Finding the way among a multitude of targets and regimens

Stephen Opat, MD,  School of Clinical Sciences at Monash Health, Monash University, Melbourne, Australia

Stephen Opat, MD,  School of Clinical Sciences at Monash Health, Monash University, Melbourne, Australia

Under which conditions might patients with chronic lymphocytic leukemia achieve long-term treatment-free remission?

I would like to address two factors here. The first one relates to favorable disease biology. Patients who have mutated immunoglobulin genes or lack TP53 mutations or 17p loss are more likely to experience treatment-free remission. The other main factor is treatment capable of inducing deep remission, which is usually combination therapy. Historically, the fludarabine/cyclophosphamide/rituximab regimen was the gold standard with which patients could achieve deep remissions. However, we have several fixed-duration options. The CLL14 study investigated venetoclax plus obinutuzumab, while CAPTIVATE assessed ibrutinib plus venetoclax. Also, the combination of acalabrutinib, venetoclax and obinutuzumab was tested. These combinations achieved undetectable minimal residual disease in large proportions of patients [1-4], which correlates with long treatment-free remissions.

Where do you see BTK inhibition in the management of B-cell malignancies 3 years from now?

This is a very difficult question. If you look at the data, you see that in the RESONATE-2 trial investigating first-line ibrutinib in patients with CLL/SLL, 70 % of patients were progression-free at the time of the 5-year update that was recently published [5]. However, only 60 % were still receiving the study drug. The follow-up is still relatively short. I think single-agent BTK inhibitors will be a good option for several patients, particularly for those with comorbidities. It is being said that combinations tend to have more side effects; for instance, the rates of neutropenia are higher if you combine venetoclax with other drugs. Some of the newer BTK inhibitors have a favorable safety profile and might thus be more suited to long-term usage. A number of long-term toxicities have not been elucidated yet. There is a risk of infection, hypertension and arrhythmias, and there is also a question about second primary malignancies. Continuously administered BTK inhibitors are one option and combination time-limited therapy is another; it is really hard to say which one will win out. However, many patients have been on BTK in­hibitor therapy for several years and have achieved great disease control.

What are the strengths and limitations of immune checkpoint inhibition in B-cell malignancies from the current point of view?

This area is still emerging. We have seen very good responses in primary medi­astinal lymphoma and Hodgkin’s disease [6-8]. However, most studies to date have involved the PD-1 and PD-L1 checkpoints, although there are many other inhibitory receptors such as CTLA-4, TIM-3, TIGIT, and BTLA that can be explored. This also includes the agonist receptors 4-1BB, LAG-3, OX40 and CD27, the macrophage checkpoint CD47, and NK ligands. The main problem with these drugs is induction of autoimmunity, which can involve any organ system. Immune-related toxicities include rash, colitis, pneumonitis, or even endocrine insufficiency.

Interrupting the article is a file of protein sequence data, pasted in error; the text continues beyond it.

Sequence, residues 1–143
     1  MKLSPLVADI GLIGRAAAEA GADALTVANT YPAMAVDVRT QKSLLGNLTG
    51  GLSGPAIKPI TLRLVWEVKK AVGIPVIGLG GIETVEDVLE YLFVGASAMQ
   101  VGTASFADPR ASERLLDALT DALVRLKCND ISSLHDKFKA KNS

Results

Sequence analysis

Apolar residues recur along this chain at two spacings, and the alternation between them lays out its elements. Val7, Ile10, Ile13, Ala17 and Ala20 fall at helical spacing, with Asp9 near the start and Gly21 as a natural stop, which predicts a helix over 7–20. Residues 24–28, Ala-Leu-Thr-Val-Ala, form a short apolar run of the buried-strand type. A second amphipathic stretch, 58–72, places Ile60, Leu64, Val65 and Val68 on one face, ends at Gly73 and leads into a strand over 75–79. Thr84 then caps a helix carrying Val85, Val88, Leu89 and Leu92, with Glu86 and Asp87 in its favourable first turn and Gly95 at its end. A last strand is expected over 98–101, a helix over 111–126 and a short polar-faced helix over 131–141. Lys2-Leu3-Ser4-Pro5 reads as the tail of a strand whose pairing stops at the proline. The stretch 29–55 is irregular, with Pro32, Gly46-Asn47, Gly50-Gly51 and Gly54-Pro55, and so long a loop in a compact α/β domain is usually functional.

This entire area of immune checkpoint inhibition is a fantastic emerging area. However, our knowledge is early, and we still have a long way to go. Some patients are already deriving benefit, and I think there will be many more once we have worked out what the best combinations are and in which patients they should be used.


  1. Al-Sawaf O et al., Fixed-duration venetoclax-obinutuzumab for previously untreated chronic lymphocyctic leukaemia: follow-up of efficacy and safety results from the multicenter, open-label, randomized phase 3 CLL14 trial. EHA 2020, abstract S155
  2. Wierda WG et al., Ibrutinib plus venetoclax for first-line treatment of chronic lymphocytic leukemia/small lymphocyctic lymphoma: 1-year disease-free survival results from the MRD cohort of the phase 2 CAPTIVATE study. ASH 2020, abstract 123
  3. Woyach JA et al., Acalabrutinib in combination with venetoclax and obinutuzumab or rituximab in patients with treatment-naïve or relapsed/refractory chronic lymphocytic leukemia. ASH 2020, abstract 1312
  4. Davids MS et al., Updated safety and efficacy results from a phase 2 study of acalabrutinib, venetoclax and obinutuzumab (AVO) for frontline treatment of chronic lymphocytic leukemia (CLL). ASH 2020, abstract 2216
  5. Burger JA et al., Long-term efficacy and safety of first-line ibrutinib treatment for patients with CLL/SLL: 5 years of follow-up from the phase 3 RESONATE-2 study. Leukemia 2020; 34: 787-798
  6. Zinzani PL et al., Nivolumab combined with brentuximab vedotin for relapsed/refractory primary mediastinal large B-cell lymphoma: efficacy and safety from the phase II CheckMate 436 Study. J Clin Oncol 2019; 37: 3081-3089
  7. Moskowitz AJ et al., Brentuximab vedotin and nivolumab for relapsed or refractory classic Hodgkin Lymphoma: long-term follow-up results from the single-arm phase 1/2 study. Blood 2019; 134 (Supplement_1): 238
  8. Kuruvilla J et al., Effect of pembrolizumab monotherapy compared with brentuximab vedotin on patients with relapsed/refractory classical Hodgkin lymphoma by prior lines of therapy: an exploratory analysis of the randomized phase 3 KEYNOTE-204 study. ASH 2020, abstract 1158

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